A Brief History of Paper: From Recording History to Wrapping Gifts
Oh, it’s the most wonderful time of the year, and however you celebrate winter holidays, you are almost guaranteed to use paper. Paper products and natural wood chemicals like cellulose are used everywhere, from holiday cards to the luggage you use when visiting family.
But how did our society transition from using paper for utilitarian purposes like writing literature and recording history to uses like wrapping gifts? To understand this, we have to first understand what papermaking is. In essence, it’s the formation of a matted sheet that’s usually derived from the cellulose fibers of plant and vegetable cell walls.
A Brief History of Paper
Before paper, we used materials like stone and bone to record history and communicate with one another. It didn’t look anything like the lined and perforated paper we commonly use now.
Egyptians created a material similar to paper in 3000 B.C. using papyrus, a plant reed that only grew regionally. Because it was very expensive to purchase papyrus outside of Egypt, parchment was invented in Pergamon in West Asia around 150 B.C. Made from animal skins, parchment was even more expensive than papyrus.
Around 100 B.C. in China, a government official named Ts’ai Lun was the first to make what we now commonly think of as paper from finely chopped mulberry bark and hemp rags. He mixed the materials with water, mashed it flat, pressed out excess water and let it dry in the sun.
Comparing this method to modern papermaking, the concepts are still the same, according to Lucian Lucia, Associate Professor in the Department of Forest Biomaterials. However, as modern technology advanced, we no longer make paper by hand but rather mechanically or chemically.
Throughout this large expanse of time, people across the world were using paper products to wrap gifts. Koreans have been wrapping gifts in bojagi for thousands of years, while Japan’s furoshiki method has been in use since the 1600s. In the United States, however, the invention of wrapping paper as we know it today was a complete accident.
A Mistake That Created an Industry
Before the 20th century, wrapping gifts was largely an upper-class tradition of using elaborately decorated paper, lace and ribbons. At the turn of the century, the most widespread gifting practice was tissue paper, mainly colored red, green or white. But in 1917, the paper industry was forever changed — again.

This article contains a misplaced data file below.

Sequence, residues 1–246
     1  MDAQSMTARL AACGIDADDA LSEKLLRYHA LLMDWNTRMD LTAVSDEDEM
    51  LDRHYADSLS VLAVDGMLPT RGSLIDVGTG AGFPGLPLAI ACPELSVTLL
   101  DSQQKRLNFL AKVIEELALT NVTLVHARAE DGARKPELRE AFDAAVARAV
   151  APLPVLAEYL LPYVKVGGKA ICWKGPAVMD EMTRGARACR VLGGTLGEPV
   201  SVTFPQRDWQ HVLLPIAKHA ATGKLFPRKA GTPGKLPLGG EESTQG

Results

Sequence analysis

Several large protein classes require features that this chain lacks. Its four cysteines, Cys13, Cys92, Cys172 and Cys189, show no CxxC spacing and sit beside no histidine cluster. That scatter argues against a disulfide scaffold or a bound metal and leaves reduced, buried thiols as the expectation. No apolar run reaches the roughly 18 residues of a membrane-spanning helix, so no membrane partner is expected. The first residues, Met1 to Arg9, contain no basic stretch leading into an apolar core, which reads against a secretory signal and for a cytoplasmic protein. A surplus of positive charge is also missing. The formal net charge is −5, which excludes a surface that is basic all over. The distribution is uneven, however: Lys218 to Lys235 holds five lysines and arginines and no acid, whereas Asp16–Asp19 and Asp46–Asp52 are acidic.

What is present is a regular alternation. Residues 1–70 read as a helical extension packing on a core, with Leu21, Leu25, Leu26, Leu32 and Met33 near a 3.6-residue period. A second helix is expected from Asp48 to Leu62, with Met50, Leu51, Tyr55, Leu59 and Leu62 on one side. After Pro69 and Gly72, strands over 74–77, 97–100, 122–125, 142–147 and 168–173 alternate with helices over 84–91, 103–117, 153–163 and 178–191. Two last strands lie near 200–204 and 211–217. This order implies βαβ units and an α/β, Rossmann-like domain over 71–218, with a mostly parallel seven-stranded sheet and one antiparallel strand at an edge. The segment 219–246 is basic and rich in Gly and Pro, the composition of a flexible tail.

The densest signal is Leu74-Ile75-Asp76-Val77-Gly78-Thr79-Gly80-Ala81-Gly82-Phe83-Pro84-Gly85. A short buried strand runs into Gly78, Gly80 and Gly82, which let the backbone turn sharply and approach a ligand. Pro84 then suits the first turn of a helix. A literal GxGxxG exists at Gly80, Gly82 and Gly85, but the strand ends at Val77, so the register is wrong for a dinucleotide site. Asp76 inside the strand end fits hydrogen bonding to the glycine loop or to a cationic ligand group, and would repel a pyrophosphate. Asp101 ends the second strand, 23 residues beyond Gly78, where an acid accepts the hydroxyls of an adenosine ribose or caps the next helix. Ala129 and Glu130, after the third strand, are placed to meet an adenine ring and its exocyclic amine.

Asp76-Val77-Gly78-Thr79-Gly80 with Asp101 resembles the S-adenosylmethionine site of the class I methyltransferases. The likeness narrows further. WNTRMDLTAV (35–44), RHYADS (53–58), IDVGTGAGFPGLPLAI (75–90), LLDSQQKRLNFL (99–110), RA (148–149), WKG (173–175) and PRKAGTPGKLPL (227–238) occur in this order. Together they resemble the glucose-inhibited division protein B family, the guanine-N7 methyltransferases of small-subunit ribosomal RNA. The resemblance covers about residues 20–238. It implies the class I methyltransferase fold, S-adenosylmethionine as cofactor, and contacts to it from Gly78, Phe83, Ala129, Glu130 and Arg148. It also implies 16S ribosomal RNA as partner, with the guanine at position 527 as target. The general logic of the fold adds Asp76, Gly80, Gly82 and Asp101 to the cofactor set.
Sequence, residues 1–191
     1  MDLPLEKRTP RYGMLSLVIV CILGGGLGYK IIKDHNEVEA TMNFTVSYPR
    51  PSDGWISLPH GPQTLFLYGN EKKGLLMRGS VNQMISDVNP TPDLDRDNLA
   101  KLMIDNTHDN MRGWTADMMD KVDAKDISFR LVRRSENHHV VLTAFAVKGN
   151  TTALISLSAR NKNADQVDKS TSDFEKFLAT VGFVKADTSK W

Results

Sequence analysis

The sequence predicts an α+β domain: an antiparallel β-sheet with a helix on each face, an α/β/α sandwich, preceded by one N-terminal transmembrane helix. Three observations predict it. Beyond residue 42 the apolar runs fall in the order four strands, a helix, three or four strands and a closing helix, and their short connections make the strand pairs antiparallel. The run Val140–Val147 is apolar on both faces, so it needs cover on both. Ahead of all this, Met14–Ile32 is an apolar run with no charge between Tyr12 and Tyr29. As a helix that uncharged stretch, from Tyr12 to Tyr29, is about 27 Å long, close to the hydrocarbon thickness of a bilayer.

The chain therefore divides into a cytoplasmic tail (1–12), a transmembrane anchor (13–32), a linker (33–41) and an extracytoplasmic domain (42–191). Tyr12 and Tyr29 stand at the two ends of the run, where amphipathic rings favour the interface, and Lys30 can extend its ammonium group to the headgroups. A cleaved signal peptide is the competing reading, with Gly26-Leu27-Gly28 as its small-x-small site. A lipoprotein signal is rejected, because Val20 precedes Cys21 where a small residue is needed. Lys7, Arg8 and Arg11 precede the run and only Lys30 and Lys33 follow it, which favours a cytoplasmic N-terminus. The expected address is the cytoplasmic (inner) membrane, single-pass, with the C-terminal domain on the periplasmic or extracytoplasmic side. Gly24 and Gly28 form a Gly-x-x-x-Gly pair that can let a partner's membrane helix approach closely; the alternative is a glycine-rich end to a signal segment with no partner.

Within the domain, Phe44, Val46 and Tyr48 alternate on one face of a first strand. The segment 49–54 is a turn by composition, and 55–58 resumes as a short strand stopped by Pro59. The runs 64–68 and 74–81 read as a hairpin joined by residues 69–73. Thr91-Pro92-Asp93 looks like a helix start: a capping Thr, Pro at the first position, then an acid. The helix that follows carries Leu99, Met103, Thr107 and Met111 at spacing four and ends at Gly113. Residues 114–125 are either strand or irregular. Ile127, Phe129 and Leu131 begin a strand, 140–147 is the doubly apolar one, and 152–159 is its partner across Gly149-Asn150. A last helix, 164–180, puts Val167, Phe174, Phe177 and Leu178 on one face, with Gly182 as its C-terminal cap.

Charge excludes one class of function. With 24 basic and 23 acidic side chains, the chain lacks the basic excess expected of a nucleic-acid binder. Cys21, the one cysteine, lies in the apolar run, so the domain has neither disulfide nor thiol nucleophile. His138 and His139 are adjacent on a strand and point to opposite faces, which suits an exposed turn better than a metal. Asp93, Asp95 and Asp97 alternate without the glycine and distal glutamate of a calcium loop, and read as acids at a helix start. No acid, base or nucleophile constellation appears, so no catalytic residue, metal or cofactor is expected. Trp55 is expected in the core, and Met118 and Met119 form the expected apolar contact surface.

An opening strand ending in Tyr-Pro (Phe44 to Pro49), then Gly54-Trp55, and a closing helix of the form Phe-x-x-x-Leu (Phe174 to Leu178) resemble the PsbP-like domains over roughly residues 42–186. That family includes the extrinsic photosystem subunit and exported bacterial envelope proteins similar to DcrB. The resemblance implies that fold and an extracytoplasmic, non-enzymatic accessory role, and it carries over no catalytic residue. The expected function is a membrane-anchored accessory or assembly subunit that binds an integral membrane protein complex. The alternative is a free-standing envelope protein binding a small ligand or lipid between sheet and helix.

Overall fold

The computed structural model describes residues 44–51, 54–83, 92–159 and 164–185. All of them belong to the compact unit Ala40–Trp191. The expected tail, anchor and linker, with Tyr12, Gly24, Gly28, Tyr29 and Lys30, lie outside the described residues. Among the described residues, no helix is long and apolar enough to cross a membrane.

Business was booming for two brothers running a stationery store in Kansas City, Missouri. J.C. and Rollie Hall were helping customers when they realized they had run out of the standard tissue paper needed for the busy holiday season. It wasn’t like today when you can simply get one-day delivery on Amazon goods. They needed a solution, and fast.
Rollie found leftover “fancy French paper” not meant for wrapping gifts, but for lining envelopes. As a last-second effort to keep business steady, they put that paper out on display for 10 cents a sheet. It sold out in minutes.
The Hall brothers tested their luck in 1918, and the paper sold out again just as fast. The following year, they decided to focus their efforts on creating their own version of the “fancy French paper,” and thus the wrapping paper industry was born.
Over time, using wrapping paper became almost an expectation in western cultures, creating a $15.1 billion industry in 2018. Now you can buy custom wrapping paper. Ironically, you can even buy a print that looks like wood.
Oh, and the Hall brothers? They named their store Hallmark.
The Future of Paper
Since 1929, the College of Natural Resources has educated leaders in the forestry and forest biomaterials industries, creating innovative solutions to real-world problems. Today, the Department of Forest Biomaterials is at the forefront of sustainable bioenergy and bioproducts.
Paper and its derivatives are being used across all industries from biomedical to energy. For example, Joe Sagues, a Ph.D. student in the department, is researching ways to turn biomass like sawdust into lithium-ion batteries, which is potentially a much greener way of making energy.
The department is also leading the world in exploring how consumer patterns and demand can be met with sustainable products, specifically with hygiene tissue. Consumers often take for granted how much paper and energy is used to make those essential items. However, NC State recognized this opportunity and hosted the only international, university-sponsored conference on sustainable hygiene tissue in June 2019.
As the department is finding, paper can be used for almost anything and is, in fact, currently used in more products than we think. Do you enjoy ice cream? That rich, smooth texture comes from cellulose. Paper can also be used in chemistry to safely conduct experiments at a microscale. We can even print circuit boards on paper for communication and radio tagging. “There’s almost nothing that you can’t do with paper,” Lucia said.
As we look to a future with a growing population, understanding and using sustainable materials has never been more important. Lucia sees paper as the answer to most of our consumer goods problems. “We really should look to it as a sustainable medium for better living,” he said. “We can make anything out of paper. So it’s just a question of: Is society willing to demand that?”